Robert Dillon, the GOP spokesman for the Energy Committee, tells NRO that instead of slapping on blinders and addressing the spill, Reid was committed to kowtowing to the Left and tacking on additional provisions. “Reid took things he could buy votes with and threw them in the bill,” he says. “Instead of dealing with the spill in a bipartisan way, in a way that could have drawn broad support, he avoided a transparent process and clean debate.”

Dillon adds that Reid’s move to pull the bill owed more to politics than to GOP opposition. “This was a messaging bill [for Reid],” he says. “He never meant for it to pass or to get pass a cloture vote. The whole goal for the bill was to get Republicans to vote it down. It was only when Democrats began to peel off that he knew that spin would not work. His dog-and-pony show with the press happened because of his caucus.”

“Deal with the Gulf,” sighs Sen. John Barrasso (R., Wyo.), a member of both the Environment Committee and the Energy Committee. “Senator Reid is trying to tie bad legislation onto this.” Democrats, he says, are correct to protest the elimination of a liability cap. “It’s a legitimate concern,” he says. If you take away a cap on damages, he says, “the rigs pick up and go away.” So is there a reason Reid can’t find a way to pass a slimmed-down, bipartisan spill bill? “I’m a surgeon,” Barrasso muses, “I don’t do psychoanalysis.”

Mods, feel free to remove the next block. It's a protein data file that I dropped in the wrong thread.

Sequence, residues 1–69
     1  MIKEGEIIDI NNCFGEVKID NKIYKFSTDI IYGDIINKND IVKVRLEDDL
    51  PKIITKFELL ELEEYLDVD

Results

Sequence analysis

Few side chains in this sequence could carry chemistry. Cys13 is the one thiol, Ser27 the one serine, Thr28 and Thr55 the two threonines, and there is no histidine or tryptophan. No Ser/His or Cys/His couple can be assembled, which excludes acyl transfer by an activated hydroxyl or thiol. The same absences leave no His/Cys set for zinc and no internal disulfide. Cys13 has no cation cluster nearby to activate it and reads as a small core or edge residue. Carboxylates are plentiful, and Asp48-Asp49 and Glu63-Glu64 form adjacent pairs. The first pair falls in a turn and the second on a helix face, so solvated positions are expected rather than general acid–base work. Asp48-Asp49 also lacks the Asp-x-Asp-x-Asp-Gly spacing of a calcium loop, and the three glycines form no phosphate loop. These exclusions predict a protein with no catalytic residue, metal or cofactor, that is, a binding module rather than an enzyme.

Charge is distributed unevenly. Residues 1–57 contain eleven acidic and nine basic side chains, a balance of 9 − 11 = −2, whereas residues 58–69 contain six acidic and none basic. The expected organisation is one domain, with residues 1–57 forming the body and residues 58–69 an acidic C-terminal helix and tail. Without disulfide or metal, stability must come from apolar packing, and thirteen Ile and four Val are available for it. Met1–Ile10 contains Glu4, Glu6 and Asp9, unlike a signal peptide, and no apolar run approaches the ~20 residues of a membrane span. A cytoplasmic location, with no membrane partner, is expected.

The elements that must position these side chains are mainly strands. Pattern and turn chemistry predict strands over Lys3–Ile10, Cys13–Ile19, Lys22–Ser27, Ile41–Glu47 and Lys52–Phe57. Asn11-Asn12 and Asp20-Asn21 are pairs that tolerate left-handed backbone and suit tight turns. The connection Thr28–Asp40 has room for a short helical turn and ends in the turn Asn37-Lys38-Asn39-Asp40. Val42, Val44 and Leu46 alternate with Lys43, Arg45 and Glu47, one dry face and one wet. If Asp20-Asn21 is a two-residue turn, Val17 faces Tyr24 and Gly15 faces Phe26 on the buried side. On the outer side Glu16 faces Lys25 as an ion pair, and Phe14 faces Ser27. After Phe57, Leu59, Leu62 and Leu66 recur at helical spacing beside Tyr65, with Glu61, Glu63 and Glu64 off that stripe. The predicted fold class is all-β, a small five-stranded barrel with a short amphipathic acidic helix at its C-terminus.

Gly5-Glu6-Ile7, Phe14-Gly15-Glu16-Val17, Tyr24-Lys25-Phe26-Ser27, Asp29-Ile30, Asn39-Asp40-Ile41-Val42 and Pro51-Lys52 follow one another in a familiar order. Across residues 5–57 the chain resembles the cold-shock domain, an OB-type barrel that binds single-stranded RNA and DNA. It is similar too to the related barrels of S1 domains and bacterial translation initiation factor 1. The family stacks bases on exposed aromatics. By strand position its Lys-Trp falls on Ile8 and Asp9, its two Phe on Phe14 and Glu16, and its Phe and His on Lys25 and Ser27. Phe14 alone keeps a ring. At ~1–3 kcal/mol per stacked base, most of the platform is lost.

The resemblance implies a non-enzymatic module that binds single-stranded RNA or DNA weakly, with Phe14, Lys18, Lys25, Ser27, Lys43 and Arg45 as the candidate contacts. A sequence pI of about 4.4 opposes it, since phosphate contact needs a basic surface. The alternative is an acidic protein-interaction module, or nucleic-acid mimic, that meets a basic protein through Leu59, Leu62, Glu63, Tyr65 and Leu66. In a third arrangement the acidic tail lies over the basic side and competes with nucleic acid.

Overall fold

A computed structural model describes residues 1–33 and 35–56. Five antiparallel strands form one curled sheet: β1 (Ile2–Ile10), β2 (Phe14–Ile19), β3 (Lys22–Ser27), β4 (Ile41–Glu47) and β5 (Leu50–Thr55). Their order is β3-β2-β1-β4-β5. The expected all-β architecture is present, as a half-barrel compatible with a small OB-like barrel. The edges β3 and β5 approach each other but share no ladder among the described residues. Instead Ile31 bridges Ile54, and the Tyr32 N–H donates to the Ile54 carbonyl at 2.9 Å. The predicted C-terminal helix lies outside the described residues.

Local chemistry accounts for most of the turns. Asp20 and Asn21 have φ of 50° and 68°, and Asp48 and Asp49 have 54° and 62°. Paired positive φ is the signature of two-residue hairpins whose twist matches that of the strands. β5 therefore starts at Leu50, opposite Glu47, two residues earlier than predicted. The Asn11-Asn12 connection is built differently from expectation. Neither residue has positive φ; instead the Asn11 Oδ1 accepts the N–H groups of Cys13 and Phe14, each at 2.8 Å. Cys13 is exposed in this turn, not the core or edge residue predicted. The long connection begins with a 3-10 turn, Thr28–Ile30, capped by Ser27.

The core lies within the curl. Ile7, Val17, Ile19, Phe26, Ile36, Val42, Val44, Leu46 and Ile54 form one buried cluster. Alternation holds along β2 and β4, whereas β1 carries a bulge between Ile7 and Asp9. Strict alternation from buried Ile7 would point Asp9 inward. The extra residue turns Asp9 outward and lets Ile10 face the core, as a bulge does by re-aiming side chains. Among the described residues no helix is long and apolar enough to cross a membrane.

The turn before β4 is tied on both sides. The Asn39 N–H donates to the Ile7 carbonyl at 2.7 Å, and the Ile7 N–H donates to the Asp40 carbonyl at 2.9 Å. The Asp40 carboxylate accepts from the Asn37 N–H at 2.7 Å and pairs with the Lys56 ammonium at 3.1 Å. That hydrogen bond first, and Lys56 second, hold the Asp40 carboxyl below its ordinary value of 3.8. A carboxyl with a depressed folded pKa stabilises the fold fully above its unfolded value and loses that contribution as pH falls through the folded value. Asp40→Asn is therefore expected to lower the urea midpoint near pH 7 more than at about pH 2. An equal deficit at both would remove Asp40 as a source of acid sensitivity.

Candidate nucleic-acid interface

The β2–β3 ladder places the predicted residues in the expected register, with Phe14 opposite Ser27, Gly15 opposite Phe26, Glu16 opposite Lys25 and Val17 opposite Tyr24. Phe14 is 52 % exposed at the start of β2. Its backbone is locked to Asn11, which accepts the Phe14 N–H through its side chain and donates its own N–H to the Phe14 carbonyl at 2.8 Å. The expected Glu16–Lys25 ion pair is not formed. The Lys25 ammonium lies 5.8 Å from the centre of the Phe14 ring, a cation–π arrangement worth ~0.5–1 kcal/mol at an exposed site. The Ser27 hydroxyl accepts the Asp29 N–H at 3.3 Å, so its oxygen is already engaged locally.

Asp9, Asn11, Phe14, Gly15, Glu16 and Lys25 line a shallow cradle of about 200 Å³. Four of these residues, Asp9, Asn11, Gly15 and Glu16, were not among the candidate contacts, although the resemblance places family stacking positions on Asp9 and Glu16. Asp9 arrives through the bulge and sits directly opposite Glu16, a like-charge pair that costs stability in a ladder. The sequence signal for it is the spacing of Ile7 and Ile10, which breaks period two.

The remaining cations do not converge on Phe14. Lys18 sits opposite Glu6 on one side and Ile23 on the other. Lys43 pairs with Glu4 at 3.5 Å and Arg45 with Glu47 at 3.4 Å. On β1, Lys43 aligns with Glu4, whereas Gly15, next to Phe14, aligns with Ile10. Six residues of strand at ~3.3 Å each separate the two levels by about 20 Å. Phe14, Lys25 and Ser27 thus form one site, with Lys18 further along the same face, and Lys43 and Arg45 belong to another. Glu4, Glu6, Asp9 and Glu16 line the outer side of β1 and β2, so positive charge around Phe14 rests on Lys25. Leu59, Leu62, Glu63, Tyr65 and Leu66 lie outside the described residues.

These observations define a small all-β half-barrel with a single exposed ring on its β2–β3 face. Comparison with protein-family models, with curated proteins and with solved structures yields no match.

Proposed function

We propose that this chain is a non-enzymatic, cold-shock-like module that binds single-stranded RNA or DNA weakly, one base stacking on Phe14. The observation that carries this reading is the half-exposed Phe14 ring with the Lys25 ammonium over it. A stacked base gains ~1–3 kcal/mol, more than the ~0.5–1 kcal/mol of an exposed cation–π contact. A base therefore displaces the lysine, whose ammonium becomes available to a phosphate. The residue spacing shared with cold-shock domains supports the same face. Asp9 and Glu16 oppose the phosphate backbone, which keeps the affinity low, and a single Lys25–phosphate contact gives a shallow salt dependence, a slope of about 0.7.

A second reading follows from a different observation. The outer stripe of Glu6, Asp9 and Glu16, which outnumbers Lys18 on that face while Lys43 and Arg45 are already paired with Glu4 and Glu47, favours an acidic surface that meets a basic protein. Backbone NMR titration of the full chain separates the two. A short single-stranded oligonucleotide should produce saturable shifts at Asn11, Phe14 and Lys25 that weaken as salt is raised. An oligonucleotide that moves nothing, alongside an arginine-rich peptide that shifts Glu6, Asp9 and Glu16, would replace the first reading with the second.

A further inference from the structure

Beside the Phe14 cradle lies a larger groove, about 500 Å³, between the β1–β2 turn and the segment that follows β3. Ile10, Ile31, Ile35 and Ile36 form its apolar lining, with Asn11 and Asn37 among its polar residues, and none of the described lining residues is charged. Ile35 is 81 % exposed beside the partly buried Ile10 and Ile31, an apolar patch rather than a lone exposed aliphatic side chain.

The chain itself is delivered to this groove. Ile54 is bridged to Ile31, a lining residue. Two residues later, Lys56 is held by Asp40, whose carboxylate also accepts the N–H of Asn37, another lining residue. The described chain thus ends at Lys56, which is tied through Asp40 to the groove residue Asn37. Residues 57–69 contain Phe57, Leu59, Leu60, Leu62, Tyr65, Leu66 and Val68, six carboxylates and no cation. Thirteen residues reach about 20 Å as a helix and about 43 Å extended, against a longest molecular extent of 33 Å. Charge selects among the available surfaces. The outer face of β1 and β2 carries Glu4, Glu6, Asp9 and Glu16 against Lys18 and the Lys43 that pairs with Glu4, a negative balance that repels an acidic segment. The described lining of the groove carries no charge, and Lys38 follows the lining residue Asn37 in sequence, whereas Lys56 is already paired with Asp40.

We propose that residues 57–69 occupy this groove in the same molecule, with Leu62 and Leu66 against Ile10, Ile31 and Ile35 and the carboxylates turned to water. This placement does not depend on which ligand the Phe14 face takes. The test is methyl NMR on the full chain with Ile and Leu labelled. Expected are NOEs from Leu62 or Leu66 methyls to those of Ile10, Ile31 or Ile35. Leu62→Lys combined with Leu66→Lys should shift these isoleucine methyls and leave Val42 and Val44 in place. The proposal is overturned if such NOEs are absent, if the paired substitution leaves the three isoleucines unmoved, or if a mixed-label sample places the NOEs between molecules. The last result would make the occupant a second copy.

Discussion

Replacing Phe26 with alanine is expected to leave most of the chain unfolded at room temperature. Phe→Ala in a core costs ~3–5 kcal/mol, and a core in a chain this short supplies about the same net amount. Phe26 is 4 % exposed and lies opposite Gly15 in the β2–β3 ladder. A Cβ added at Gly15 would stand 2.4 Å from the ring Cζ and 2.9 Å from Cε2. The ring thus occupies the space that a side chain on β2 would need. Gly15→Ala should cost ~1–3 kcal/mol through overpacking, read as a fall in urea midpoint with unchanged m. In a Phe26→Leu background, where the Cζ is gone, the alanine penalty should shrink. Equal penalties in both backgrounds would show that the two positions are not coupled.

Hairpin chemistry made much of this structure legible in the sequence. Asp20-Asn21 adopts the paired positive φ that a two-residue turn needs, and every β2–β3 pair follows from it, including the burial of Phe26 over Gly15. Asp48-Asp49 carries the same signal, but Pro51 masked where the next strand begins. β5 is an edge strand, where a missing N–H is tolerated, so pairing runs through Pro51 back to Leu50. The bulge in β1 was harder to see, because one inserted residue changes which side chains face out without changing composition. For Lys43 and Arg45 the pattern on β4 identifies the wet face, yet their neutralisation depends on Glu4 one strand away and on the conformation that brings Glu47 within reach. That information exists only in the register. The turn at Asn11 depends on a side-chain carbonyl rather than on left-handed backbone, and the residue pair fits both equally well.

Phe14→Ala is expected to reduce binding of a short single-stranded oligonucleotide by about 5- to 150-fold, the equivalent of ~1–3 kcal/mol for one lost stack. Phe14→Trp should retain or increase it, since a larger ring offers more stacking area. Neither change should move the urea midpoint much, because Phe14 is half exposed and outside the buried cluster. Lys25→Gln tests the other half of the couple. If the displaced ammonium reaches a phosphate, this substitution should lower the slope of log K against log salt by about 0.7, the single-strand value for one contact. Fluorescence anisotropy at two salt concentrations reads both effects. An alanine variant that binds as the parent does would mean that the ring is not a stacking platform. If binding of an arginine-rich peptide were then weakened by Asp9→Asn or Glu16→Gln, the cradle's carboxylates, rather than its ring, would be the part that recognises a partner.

Despite Reid’s stumbles, the Democrats’ green agenda is far from dead. Though a cap-and-trade bill and other Kerry-led climate efforts have collapsed in recent months, Reid’s bill, tinkered with and repainted with a fresh coat of green, could emerge again in September or, worse, in a lame-duck session this winter. Reid told Greenwire on Wednesday that “there’s a chance we’re going to bring a broader bill” to the floor once the summer heat fades. Landrieu and Begich, knowing this, are already busy hammering out a compromise on the liability cap to try to speed things up. The pair had a “very good discussion” on Tuesday, Begich told The Hill. “I think we are probably 95 percent there on the same page. We are just working out some language issues.”

If such a deal is brokered, Reid may look to start maneuvering again in September. Having quashed the oil-state rebellion, he could, however, face another insurgency — this time at the hands of coal-state Democrats and others who object to his trying to frame burdensome environmental policy as something it’s not. Such a ploy, Inhofe predicts, would be doomed from the start. “We’ve kind of developed a coalition” against that, he says. “While our motivations are not the same, [Democrats and Republicans] from the Midwest and coal country” are uniting. “New allies,” he predicts, are ready to vote against any overcooked, punitive bill.

“They are trying to work out their master plan,” Inhofe laughs. “But if the votes are not there before the recess, they surely won’t be there after the recess.” Besides, he says, “the American people are educated enough” about the Democrats’ bill to put up a fuss.

In this economy, “jujitsu and yoga” can do only so much.

Robert Costa is the William F. Buckley Jr. fellow at the National Review Institute.